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The University of Southampton
Southampton Marine and Maritime Institute

Probing the depths of Windermere

University of Southampton doctoral researcher Helen Miller has come up with new insights into England’s largest lake, thanks to a pioneering underwater study.

As part of her PhD research on Windermere, she has used sophisticated survey equipment on the British Geological Survey’s catamaran White Ribbon to produce a detailed picture of the lake bed, which was originally a glacial river valley. The computer-generated mapping uses colourful images to show the lake’s depths and illustrate how they have changed since the last Ice Age. This is the first scientific underwater exploration of Windermere - the last survey of the lake was carried out during the 1930s by the Admiralty.

The Lake District National Park has already used the pictures on information boards and Helen has spoken about her research to local groups and on BBC Radio Cumbria; her work has also featured on a Planet Earth podcast and in the Westmorland Gazette.

The multibeam bathymetric (echo-sounding) survey of Windermere has given scientific researchers and local people alike a fascinating and accurate map of the lake bed as if it contained no water. It shows moraines and other glacial remains and even old shipwrecks. Helen has also taken ten metre long sediment core samples from beneath the lake bed which may hold vital information about global climate patterns. Initial analysis has uncovered evidence of pollution involving heavy metals such as lead, zinc and copper over the last 500 years but much more work remains to be done on the cores.

“Surveying out on the lake was a wonderful experience,” she says. “The equipment revealed for the first time what is really going on beneath the surface and we gained a great deal of information that will be tremendously useful for future researchers.”

In further results of her research, the underwater cameras revealed that gravel beds used as spawning grounds for the Arctic charr are silting up. The charr is a species of fish which has lived in the lake since the last Ice Age but may now become endangered. Helen has worked with Dr Ian Winfield of the Centre for Ecology and Hydrology (CEH) at Lancaster University on the research; he says the findings have given them a much more detailed picture of the lake. Work is underway to stop the gravel silting up. Jon Bull, Professor of Geology and Geophysics at Southampton says: “This is a really good example of bringing scientists from multiple disciplines (biologists, geologists, geochemists and geophysicists) together to understand processes operating within England’s largest lake.”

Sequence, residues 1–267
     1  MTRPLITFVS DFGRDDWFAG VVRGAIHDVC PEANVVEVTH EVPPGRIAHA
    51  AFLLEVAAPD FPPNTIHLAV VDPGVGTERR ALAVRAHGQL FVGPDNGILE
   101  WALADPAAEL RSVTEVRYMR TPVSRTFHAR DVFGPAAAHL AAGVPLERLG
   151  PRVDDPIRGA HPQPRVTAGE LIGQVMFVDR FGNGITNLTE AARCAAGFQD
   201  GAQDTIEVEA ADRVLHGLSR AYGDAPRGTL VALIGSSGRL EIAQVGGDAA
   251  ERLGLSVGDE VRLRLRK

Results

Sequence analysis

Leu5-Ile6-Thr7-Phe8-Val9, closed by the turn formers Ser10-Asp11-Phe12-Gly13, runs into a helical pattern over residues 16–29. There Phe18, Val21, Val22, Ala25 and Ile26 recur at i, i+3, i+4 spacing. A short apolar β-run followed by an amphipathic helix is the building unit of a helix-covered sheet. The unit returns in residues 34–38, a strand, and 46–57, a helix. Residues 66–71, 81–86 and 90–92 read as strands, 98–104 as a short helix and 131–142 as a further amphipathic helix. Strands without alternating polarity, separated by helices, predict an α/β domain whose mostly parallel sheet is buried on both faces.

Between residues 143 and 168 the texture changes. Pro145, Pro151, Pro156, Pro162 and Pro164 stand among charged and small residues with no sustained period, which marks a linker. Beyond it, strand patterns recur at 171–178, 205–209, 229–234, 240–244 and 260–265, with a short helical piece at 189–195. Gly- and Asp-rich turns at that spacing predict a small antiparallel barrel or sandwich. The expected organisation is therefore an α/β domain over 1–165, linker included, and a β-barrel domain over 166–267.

Helen became interested in ocean and Earth science while working for her first degree, BSc in Geography, at the University of Edinburgh. During her undergraduate studies, she spent a year at the University of Auckland in New Zealand and enjoyed learning more about the southern ocean. Helen then took a masters degree in Oceanography at the National Oceanography Centre Southampton and worked for two years at an oil spill response company in the Netherlands before returning to study at the University of Southampton in 2010 after hearing of an opportunity from her former academic supervisor.

She has worked with the British Geological Survey (BGS) and the Centre for Ecology and Hydrology at Lancaster University on this research for her PhD which is funded by the BGS, the Environment Agency and the University of Southampton. Her supervisors are Professors Jon Bull and Justin Dix at the University of Southampton and Dr Carol Cotterill at the BGS.

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